Over 1,000,000 Videos Served

I'm not sure how it's happened but some of the videos I've posted here on GuitarVibe have gotten way more views than I ever expected.  There are now about 600 videos with a total of more than 1.2 million views in total.  The average (2,000 views per video) is not great, but there are some videos of me playing with the Electric Buddha Blues Band that barely have double digit views and so clearly there are other videos pulling in some big numbers.

Some of the concert videos have certainly benefited from fanatical fans and maybe got some prominent blogs or websites to link to them.  However, that doesn't even begin to explain the top 10 rankings.  In the #10 spot is Queen + Paul Rodgers "Feel Like Making Love" live from Latvia with 31,000 views.  Admittedly, the Prime Minister Ivars Godmanis replaced Roger Taylor on drums later in the set and maybe he legislated mandatory YouTube viewings in schools.  Who knows.  It was a good show, but pretty high volume of traffic for something this obscure.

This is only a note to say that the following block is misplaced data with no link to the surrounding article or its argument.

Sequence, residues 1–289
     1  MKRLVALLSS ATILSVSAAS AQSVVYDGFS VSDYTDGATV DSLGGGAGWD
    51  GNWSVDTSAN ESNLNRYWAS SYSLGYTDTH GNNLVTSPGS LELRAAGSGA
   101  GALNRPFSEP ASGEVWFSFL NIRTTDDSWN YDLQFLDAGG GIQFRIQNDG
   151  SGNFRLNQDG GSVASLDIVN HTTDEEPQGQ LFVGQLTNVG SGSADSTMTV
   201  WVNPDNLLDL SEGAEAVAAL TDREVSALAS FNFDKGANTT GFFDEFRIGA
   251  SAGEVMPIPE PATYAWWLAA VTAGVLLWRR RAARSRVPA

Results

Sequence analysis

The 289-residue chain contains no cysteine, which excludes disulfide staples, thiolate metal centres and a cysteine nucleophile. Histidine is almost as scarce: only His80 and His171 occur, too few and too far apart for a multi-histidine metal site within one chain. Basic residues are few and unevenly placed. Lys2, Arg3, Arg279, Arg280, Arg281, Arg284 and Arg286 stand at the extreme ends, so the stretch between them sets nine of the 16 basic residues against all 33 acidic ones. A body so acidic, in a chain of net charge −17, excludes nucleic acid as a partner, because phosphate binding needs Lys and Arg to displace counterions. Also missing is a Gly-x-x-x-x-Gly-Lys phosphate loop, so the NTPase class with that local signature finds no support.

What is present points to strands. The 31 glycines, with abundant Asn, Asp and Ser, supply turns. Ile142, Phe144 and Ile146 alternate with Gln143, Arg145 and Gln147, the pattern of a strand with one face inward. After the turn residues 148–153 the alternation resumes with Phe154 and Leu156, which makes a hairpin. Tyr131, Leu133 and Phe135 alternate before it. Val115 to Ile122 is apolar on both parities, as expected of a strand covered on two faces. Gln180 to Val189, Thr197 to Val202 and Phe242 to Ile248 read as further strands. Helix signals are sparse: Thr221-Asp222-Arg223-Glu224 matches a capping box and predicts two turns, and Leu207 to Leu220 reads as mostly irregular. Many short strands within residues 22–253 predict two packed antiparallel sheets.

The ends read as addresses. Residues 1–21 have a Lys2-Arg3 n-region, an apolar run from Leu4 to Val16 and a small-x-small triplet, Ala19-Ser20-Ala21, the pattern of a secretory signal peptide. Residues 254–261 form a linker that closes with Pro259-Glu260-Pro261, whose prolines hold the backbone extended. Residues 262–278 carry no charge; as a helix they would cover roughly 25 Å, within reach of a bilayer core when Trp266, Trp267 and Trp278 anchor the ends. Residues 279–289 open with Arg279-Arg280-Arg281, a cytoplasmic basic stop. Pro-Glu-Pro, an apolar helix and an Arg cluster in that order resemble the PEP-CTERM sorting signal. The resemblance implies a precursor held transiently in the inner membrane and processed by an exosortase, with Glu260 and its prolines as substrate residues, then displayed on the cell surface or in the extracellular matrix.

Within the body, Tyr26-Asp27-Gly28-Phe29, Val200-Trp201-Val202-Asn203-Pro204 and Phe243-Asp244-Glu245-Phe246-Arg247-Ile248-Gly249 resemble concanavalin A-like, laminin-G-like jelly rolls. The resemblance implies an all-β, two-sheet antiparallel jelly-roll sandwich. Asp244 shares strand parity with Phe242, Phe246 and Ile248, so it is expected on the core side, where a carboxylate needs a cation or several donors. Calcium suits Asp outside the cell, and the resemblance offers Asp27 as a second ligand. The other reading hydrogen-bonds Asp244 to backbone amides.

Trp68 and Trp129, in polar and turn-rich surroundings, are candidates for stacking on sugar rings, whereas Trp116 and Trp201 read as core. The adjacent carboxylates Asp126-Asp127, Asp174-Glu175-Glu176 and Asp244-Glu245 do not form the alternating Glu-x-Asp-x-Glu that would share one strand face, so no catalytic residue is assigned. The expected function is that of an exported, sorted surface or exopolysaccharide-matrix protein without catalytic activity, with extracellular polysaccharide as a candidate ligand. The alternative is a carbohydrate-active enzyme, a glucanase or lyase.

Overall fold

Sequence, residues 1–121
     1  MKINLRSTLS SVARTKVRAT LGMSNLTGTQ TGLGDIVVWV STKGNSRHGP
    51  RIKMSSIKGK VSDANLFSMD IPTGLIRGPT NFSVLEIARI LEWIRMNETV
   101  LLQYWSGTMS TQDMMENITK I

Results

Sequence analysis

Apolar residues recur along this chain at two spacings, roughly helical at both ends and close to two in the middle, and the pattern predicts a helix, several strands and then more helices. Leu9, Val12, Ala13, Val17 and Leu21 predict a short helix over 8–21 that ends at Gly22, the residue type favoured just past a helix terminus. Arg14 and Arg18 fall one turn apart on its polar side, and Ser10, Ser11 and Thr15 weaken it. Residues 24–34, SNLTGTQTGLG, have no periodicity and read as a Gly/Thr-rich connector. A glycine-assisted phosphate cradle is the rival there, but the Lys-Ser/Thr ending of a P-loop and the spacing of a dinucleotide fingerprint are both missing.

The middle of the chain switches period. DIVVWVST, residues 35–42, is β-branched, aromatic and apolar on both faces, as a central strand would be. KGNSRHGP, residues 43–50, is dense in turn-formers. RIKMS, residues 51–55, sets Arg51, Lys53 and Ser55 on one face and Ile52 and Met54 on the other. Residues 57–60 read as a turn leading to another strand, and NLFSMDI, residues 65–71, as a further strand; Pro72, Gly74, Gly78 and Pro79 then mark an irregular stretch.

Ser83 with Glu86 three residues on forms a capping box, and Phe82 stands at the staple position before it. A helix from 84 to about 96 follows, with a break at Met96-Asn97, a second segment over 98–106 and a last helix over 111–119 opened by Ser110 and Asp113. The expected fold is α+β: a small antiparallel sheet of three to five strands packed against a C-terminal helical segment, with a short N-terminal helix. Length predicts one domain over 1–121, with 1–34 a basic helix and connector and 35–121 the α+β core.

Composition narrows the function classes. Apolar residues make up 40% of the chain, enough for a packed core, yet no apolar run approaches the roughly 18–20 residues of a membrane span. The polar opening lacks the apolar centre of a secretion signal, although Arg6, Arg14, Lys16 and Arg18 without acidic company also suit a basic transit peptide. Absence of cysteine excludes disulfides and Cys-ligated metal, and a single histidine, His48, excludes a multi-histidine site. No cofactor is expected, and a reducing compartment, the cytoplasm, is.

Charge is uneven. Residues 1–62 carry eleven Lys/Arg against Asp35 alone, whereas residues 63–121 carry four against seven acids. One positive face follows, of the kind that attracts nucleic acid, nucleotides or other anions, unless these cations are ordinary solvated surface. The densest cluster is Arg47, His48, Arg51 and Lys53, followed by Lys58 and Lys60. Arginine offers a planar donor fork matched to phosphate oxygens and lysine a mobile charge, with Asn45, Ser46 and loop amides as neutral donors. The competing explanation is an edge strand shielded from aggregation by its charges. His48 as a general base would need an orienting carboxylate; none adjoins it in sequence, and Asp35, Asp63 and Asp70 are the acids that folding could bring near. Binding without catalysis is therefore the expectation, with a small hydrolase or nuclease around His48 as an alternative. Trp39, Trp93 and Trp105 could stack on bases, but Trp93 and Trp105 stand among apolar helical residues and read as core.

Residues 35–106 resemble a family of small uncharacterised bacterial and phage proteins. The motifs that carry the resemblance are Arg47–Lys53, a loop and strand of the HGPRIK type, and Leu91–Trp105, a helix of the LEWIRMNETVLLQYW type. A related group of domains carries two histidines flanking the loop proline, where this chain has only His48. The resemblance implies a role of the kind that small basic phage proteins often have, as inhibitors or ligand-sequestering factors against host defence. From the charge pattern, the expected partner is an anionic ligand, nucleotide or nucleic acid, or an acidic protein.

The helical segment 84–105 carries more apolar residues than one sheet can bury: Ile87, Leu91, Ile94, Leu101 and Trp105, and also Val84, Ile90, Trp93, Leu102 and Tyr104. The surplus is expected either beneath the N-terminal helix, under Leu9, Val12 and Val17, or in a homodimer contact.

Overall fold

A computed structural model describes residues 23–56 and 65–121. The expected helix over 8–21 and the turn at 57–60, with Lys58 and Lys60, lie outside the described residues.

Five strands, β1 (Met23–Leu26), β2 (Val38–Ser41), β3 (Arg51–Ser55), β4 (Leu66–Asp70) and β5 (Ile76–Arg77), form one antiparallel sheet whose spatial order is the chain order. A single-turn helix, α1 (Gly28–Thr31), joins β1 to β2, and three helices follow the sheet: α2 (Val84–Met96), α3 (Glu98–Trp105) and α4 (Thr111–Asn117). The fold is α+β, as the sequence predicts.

Those numbers put Queen + Paul Rodgers way ahead of more mainstream artists like Aerosmith or Coldplay.  Heck, the Grateful Dead and some great blues artists like BB King, Kenny Wayne Shepherd, Joe Bonamassa are barely cracking 1,000 views, bumping along with local bands like The Blind Pilots.  So there's no accounting for taste.  But it gets weirder.

I don't know how to account for the fact that Lenny Kravitz comes in the #6 position with "American Woman" live from the Oracle conference a few years ago.  I mean, I like the song, but 42,000 views?  Really?  And that concert was so loud it's one of the few videos where my Canon G9 sound gets distorted.  Must be that 70's time machine problem.